The Ventura-Pitas Point fault system, which lies underneath the city of Ventura, has been found to stretch for miles not far beneath the surface of southern California, suggesting it is capable of generating large earthquakes.

The fault runs beneath the city of Goleta, and then underneath Santa Barbara, before running offshore and then after a 60-mile stretch it runs back under land at Ventura. The fault is thought to be capable of generating tsunamis as well as earthquakes.

The shape of the fault has not been definitively mapped, and two competing theories exist for the shape of the fault, which is directly related to how much damage it could do. The first is that the fault is deep and heads sharply down to a depth of about 13 miles. This structure would not be so dangerous, as seismic activity many miles below the surface would be likely to cause less damage.

The second is that the fault is shallow, with a flat section between two more gentle downward slopes, in a "staircase" arrangement. Presence of the fault closer to the surface would be more likely to lead to greater disturbances at surface level, and earthquakes of up to magnitude 8.

Modelling research suggests that the latter and more dangerous shape of the fault is the more likely one, according to a paper published in the journal Geophysical Research Letters.

The researchers used computer models of the crust to see what happened when the region was squeezed by tectonic plate movements. They found that the staircase arrangement was the most likely shape of the fault.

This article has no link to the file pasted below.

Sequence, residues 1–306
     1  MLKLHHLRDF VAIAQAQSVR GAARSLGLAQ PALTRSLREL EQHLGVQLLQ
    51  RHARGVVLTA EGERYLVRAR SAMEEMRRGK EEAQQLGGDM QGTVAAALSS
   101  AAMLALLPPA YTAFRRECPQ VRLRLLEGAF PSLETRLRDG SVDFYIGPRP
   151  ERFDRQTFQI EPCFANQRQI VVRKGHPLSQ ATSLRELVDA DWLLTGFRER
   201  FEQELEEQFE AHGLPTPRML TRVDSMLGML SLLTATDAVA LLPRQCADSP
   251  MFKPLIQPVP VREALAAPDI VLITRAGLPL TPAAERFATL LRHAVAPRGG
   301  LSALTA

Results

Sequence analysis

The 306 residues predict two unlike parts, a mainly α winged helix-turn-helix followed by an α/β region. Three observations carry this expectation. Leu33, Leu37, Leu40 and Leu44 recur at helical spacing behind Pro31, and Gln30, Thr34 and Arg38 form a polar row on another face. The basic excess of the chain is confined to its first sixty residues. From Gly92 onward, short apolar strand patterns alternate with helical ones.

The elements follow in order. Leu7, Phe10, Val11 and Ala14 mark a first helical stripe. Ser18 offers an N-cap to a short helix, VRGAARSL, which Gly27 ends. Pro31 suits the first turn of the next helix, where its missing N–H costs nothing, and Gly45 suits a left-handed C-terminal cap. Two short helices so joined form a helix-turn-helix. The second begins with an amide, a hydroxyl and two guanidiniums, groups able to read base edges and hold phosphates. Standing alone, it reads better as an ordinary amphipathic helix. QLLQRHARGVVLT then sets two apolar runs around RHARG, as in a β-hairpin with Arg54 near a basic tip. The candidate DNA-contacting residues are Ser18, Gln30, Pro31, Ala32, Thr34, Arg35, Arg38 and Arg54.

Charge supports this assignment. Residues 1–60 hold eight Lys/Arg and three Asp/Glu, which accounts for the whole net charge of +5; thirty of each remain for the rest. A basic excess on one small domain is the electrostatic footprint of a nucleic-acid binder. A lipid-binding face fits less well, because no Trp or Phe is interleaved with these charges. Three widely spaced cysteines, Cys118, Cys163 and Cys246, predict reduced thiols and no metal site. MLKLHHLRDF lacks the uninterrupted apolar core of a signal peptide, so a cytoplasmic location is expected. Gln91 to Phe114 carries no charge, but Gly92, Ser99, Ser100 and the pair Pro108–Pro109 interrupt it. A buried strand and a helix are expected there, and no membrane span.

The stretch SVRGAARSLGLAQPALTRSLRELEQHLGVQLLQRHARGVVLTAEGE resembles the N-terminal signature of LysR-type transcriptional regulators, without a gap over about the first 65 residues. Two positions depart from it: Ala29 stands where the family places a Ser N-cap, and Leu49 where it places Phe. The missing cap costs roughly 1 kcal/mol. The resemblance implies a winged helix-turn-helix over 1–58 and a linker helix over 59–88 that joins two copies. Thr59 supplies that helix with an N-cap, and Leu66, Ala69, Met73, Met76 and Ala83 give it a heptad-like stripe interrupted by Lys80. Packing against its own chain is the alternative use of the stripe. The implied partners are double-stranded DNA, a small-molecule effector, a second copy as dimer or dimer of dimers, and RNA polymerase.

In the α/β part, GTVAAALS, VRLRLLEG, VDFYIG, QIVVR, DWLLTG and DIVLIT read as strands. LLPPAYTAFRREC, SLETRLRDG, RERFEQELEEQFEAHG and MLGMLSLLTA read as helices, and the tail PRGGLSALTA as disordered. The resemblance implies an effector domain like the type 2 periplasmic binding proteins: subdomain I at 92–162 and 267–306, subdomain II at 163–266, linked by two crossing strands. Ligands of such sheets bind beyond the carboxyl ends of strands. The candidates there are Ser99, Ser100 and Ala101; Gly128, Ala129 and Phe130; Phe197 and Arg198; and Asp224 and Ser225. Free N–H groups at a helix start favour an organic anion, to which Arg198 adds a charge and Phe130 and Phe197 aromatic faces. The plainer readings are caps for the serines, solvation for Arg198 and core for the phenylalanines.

"Our models confirm that the Ventura-Pitas Point fault is a major fault, that lies flat under much of the coast between Ventura and Santa Barbara," said study author Gareth Funning of the University of California, Riverside, in a statement.

San Andreas Fault
The nearby San Andreas Fault is capable of generating devastating earthquakes. Scientists have now found that the Ventura Fault to the south is capable of earthquakes of magnitude 8 Leohotens/CC

"This means that a potential source of large earthquakes is just a few miles beneath the ground in those cities. We would expect very strong shaking if one occurred."

Scientists have repeatedly said that a large earthquake is overdue in California. The fault expected to generate "the Big One" is the San Andreas Fault, which runs to the north of the Ventura fault. This latest paper suggests that there are multiple faults capable of generating an earthquake of this scale.